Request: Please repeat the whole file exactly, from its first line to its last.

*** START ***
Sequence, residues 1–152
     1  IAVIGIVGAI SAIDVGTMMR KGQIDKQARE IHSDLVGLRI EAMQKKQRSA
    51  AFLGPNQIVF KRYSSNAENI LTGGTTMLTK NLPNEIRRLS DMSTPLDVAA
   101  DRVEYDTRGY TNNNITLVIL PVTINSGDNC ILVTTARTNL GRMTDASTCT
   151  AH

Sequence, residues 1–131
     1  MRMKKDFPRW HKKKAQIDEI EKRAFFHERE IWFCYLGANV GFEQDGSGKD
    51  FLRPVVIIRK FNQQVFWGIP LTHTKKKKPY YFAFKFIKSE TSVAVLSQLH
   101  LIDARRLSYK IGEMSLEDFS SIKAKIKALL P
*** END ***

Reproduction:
Sequence, residues 1–152
     1  IAVIGIVGAI SAIDVGTMMR KGQIDKQARE IHSDLVGLRI EAMQKKQRSA
    51  AFLGPNQIVF KRYSSNAENI LTGGTTMLTK NLPNEIRRLS DMSTPLDVAA
   101  DRVEYDTRGY TNNNITLVIL PVTINSGDNC ILVTTARTNL GRMTDASTCT
   151  AH

Sequence, residues 1–131
     1  MRMKKDFPRW HKKKAQIDEI EKRAFFHERE IWFCYLGANV GFEQDGSGKD
    51  FLRPVVIIRK FNQQVFWGIP LTHTKKKKPY YFAFKFIKSE TSVAVLSQLH
   101  LIDARRLSYK IGEMSLEDFS SIKAKIKALL P